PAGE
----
SAN DIEGO — While the Chargers cleared out their lockers and prepared for a strike Monday, Steve Ortmayer, team director of football operations, was busy putting together a team of non-roster players.
All 45 Chargers on the roster will strike, according to Charger player representative Wes Chandler. But Ortmayer said the Chargers home game against Seattle Sunday has not been canceled and that the Chargers have 35 to 40 non-union players ready to join the team by late today. He said it will probably be Wednesday or Thursday before a final decision on Sunday's game is reached.
Of the non-roster players contacted, Ortmayer said at least half were at the Charger training camp this summer and are somewhat familiar with the Chargers' game plan.
"We are going to field the most competitive team we can," Ortmayer said. "Our job here is to field a football team. It is to field a winning football team."
Ortmayer would not name specific non-union players the Chargers have contacted because he said some of the commitments were not yet confirmed, but he did say that quarterbacks Rick Neuheisel, Tom Flick and Mike Moroski--all of whom were cut this year--have been contacted.
Meanwhile, the roster players are going to picket and practice on their own.
"We have to do what we have to do," said Chandler Monday afternoon after a team meeting. "If that means picket, we'll picket. If there is a strike, the San Diego Chargers will be out of Jack Murphy Stadium. All the 45 players, including Dan Fouts."
Fouts, who is not a member of the NFL Players' Assn., would not say Monday whether he will cross the picket lines.
Monday night, after the strike had been officially announced during a televised football game, Chandler told a local television station: "We're disappointed. We were optimistic. But it's apparent there is no time left."
Coach Al Saunders has a team meeting scheduled for 9 a.m. today, but it remains to be seen if any roster players will show up.
Saunders said that with a team of non-roster players, the Chargers schemes will obviously not be as be sophisticated or complex.
"It will be much like the exhibition season in terms of what you are able to do offensively and defensively," Saunders said.
Both Saunders and Chandler, like many football people, wonder if the fans will buy it?
"I think all the fans would prefer to see Dan Fouts, Kellen Winslow, Wes Chandler, Billy Ray Smith, Chip Banks," Saunders said. "I would prefer to see them on the field too. They are the best at what they do. We'll do the best we can to provide the best show we possibly can with those people. But the fans have to determine whether they're interested in seeing that."
Chandler doesn't think the fans will be that interested.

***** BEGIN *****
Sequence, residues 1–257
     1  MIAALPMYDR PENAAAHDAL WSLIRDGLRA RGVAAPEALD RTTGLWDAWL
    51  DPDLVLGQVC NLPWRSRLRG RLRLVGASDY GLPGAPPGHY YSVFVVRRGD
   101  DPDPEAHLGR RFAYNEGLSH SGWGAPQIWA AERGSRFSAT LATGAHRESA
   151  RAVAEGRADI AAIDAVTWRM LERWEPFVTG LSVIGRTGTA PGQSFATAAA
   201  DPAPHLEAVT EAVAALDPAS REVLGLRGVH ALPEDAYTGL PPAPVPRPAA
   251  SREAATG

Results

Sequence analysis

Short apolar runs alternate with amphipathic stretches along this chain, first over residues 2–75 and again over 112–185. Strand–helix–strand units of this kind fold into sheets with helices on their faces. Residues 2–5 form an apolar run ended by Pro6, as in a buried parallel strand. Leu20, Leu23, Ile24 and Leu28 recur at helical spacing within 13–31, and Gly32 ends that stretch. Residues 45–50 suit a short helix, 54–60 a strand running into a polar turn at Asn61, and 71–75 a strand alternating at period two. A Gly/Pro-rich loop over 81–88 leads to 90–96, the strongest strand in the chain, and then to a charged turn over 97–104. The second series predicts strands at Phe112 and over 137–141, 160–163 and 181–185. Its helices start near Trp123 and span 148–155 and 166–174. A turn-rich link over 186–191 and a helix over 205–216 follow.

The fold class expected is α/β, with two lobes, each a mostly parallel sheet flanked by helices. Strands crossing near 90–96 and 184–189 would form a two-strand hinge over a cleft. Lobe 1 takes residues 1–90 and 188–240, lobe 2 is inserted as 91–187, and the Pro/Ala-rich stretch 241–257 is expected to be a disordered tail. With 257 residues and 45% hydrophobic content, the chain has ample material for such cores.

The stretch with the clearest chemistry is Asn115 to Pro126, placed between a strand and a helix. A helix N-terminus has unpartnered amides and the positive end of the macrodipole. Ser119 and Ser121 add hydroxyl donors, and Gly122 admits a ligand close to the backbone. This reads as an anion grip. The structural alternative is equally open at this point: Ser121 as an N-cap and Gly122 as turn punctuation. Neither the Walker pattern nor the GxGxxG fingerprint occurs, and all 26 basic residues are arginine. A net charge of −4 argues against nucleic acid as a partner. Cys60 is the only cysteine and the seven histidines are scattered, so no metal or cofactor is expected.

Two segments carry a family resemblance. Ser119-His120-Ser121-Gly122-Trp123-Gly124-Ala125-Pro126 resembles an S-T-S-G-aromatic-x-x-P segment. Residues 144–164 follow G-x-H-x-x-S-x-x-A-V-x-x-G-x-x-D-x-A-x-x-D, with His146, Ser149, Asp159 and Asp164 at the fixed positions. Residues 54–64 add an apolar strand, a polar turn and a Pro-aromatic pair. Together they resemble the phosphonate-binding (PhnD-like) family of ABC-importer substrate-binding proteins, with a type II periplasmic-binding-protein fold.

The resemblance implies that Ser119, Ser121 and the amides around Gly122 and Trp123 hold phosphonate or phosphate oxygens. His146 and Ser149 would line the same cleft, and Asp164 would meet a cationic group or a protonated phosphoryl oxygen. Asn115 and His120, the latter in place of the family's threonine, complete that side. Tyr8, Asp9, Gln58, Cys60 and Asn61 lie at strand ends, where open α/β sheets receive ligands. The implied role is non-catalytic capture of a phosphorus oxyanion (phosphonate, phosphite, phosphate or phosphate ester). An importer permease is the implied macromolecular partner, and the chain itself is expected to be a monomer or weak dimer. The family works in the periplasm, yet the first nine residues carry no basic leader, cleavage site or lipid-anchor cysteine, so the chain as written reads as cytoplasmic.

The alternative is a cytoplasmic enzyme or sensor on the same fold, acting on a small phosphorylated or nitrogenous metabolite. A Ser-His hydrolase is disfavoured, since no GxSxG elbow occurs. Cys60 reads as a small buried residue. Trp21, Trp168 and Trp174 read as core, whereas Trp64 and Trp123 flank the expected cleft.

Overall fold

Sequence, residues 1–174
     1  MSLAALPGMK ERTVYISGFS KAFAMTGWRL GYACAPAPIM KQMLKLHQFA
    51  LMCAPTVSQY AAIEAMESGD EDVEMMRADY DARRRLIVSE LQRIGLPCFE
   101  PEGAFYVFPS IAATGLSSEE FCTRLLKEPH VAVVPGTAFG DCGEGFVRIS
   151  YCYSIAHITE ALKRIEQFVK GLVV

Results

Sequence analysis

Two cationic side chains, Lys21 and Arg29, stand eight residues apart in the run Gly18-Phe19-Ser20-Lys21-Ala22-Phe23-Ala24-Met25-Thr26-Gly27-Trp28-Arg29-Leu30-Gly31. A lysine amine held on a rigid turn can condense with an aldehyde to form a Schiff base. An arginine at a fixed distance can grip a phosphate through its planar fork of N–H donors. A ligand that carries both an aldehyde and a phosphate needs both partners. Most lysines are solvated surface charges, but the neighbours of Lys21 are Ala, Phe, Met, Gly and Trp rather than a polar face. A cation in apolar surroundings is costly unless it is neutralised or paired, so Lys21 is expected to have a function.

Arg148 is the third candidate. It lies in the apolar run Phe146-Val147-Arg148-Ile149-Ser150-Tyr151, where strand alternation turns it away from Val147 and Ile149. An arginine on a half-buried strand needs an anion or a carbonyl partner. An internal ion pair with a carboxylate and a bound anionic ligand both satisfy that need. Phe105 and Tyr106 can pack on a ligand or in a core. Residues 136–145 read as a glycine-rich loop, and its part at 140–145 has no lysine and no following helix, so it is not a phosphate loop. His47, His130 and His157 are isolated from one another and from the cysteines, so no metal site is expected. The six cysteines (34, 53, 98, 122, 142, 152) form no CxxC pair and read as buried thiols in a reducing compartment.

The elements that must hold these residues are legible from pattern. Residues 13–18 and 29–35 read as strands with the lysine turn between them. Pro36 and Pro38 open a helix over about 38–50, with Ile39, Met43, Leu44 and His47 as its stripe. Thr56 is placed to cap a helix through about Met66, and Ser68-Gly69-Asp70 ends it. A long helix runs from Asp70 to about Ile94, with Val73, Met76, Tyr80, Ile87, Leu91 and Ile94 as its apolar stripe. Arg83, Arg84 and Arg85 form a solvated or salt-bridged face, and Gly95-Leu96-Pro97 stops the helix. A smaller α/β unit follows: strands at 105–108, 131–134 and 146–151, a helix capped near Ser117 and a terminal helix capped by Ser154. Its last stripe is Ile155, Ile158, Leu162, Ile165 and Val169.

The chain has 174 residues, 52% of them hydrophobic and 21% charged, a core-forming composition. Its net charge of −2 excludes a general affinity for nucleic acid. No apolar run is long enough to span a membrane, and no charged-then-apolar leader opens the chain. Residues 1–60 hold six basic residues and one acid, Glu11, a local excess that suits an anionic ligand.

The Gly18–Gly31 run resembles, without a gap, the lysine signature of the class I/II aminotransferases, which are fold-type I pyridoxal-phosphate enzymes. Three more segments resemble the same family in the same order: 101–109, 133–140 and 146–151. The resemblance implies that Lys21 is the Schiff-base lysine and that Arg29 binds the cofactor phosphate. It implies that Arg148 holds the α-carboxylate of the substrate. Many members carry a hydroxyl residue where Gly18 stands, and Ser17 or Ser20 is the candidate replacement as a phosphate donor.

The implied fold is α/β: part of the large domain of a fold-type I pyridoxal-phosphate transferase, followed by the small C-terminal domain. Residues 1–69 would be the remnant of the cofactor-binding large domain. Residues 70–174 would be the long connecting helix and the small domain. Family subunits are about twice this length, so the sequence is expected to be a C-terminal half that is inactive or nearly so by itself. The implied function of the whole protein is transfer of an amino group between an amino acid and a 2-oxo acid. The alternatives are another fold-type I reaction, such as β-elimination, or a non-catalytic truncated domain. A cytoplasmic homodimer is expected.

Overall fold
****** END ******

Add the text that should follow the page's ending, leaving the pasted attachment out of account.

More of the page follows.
"I don't think you can fool the public for one minute," Chandler said. "Before these games are played, the public is well aware the real players will not be at work . . . There's some great young talent, but we are the game. How many Dan Fouts?, Dan Marinos? Walter Paytons are there? How many of these do you know in the world? There's only one kind. Let's be realistic about this. Last time I saw something of a scab performer, it was called the USFL. The USFL folded . . . Is that the type of football you're used to seeing? You want to see?"
Chandler said there are eight issues that must be discussed, and that free agency is a primary one.
"It's a form of slavery," Chandler said. "When you're on revenue sharing, there's no incentive (for the owners). Why should they go after a quality player?"
Chandler said he thinks the Players' Assn. is considerably stronger now than it was in 1982, when they last went on strike.
"I think we're very, very strong," Chandler said. "Two hundred per-cent stronger than we were in 1982. Financially stronger and mentally stronger."
Director of football operations Steve Ortmayer said the Chargers have looked into hiring security personnel to work at San Diego Jack Murphy Stadium during the strike. "We have a plan that we're ready to implement," Ortmayer said . . . San Diego Jack Murphy Stadium manager Bill Wilson said the stadium stands to lose a gross of $198,000 and net of $187,100 for each home Charger game that is not played. Under the gross loss ledger, the stadium would lose $87,000 in ticket receipts, $60,000 in parking revenue, $45,000 in concessions and $6,000 in novelties. Subtract the savings of $9,500 for cleanup, $700 for game days expenses for staff and $700 for field preparation and the net loss is $187,100. "If you multiply that times seven," Wilson said, "Wow." That would come to a net loss of approximately $1.3 million. The Chargers have played one home game, were scheduled to play host to Seattle Sunday, but then have three consecutive road games.